|Launch Price||USD 4,999||USD 2,999|
|Sensor Specs||Canon 1D Mark IV||Nikon D800|
|Sensor Format||APS-H Sensor||Full Frame Sensor|
|Sensor Size||27.9 x 18.6 mm||35.9 x 24.0 mm|
|Sensor Area||518.94 mm2||861.6 mm2|
|Sensor Diagonal||33.5 mm||43.2 mm|
|Sensor Resolution||16 Megapixels||36.2 Megapixels|
|Image Resolution||4896 x 3264 pixels||7360 x 4912 pixels|
|Pixel Pitch||5.70 μm||4.88 μm|
|Pixel Density||3.08 MP/cm2||4.20 MP/cm2|
|Moiré control||Anti-Alias filter||Anti-Alias filter|
|Movie Capability||1080/30p Video||1080/30p Video|
|ISO Setting||100 - 12,800 ISO||100 - 6,400 ISO|
|ISO Boost||50 - 102,400 ISO||50 - 25,600 ISO|
|Image Processor||DIGIC IV||EXPEED 3|
|DXO Sensor Quality (score)||74||95|
|DXO Color Depth (bits)||22.8||25.3|
|DXO Dynamic Range (EV)||12.0||14.4|
|DXO Low Light (ISO)||1320||2853|
|Screen Specs||Canon 1D Mark IV||Nikon D800|
|Viewfinder Type||Optical viewfinder||Optical viewfinder|
|Viewfinder Field of View||100%||100%|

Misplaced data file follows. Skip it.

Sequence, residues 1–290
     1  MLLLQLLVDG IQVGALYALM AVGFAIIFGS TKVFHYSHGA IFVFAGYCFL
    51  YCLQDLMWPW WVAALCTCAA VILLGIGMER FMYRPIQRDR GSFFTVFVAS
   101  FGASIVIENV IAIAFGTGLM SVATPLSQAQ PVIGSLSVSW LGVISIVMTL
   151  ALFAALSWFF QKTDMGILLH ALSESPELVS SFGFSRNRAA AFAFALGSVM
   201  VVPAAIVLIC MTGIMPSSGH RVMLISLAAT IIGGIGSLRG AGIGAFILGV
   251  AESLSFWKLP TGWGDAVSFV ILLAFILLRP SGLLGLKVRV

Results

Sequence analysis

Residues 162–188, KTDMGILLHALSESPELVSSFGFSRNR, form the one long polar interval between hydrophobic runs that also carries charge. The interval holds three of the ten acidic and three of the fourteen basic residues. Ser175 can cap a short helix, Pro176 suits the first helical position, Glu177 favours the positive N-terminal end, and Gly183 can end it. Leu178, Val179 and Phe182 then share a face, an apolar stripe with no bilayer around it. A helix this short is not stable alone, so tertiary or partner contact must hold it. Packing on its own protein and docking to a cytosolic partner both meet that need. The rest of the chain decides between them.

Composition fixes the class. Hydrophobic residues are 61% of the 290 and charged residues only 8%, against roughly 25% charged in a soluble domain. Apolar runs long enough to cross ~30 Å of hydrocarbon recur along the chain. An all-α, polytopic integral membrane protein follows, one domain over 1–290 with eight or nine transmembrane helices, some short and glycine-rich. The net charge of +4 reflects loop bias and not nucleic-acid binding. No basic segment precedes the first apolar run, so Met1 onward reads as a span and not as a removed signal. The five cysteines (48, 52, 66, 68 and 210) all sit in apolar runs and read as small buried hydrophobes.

|Top-Level Screen||Control Panel||Control Panel|
|LCD Framing||Live View||Live View|
|Rear LCD Size||3.0inch||3.2inch|
|LCD Resolution||920k dots||921k dots|
|LCD Attachment||Fixed screen||Fixed screen|
|Shooting Specs||Canon 1D Mark IV||Nikon D800|
|Focus System||Phase-detect AF||Phase-detect AF|
|Continuous Shooting||10 shutter flaps/s||4 shutter flaps/s|
|Shutter Life Expectancy||300 000 actuations||200 000 actuations|
|Time-Lapse Photography||no Intervalometer||Intervalometer built-in|
|Fill Flash||no On-Board Flash||Built-in Flash|
|Storage Medium||CF or SDHC cards||CF or SDXC cards|
|Second Storage Option||Dual card slots||Dual card slots|
|UHS card support||no||UHS-I|
|Connectivity Specs||Canon 1D Mark IV||Nikon D800|
|Studio Flash||PC Sync socket||PC Sync socket|
|USB Connector||USB 2.0||USB 3.0|
|HDMI Port||mini HDMI||mini HDMI|
|Microphone Port||External MIC port||External MIC port|
|Headphone Socket||no Headphone port||Headphone port|
|Wifi Support||no Wifi||no Wifi|
|Body Specs||Canon 1D Mark IV||Nikon D800|
|Environmental Sealing||Weathersealed body||Weathersealed body|
|Battery Life (CIPA)||1500 shots per charge||900 shots per charge|
156 x 157 x 80 mm
(6.1 x 6.2 x 3.1 in)
146 x 123 x 82 mm
(5.7 x 4.8 x 3.2 in)
|Camera Weight||1230 g (43.4 oz)||1000 g (35.3 oz)|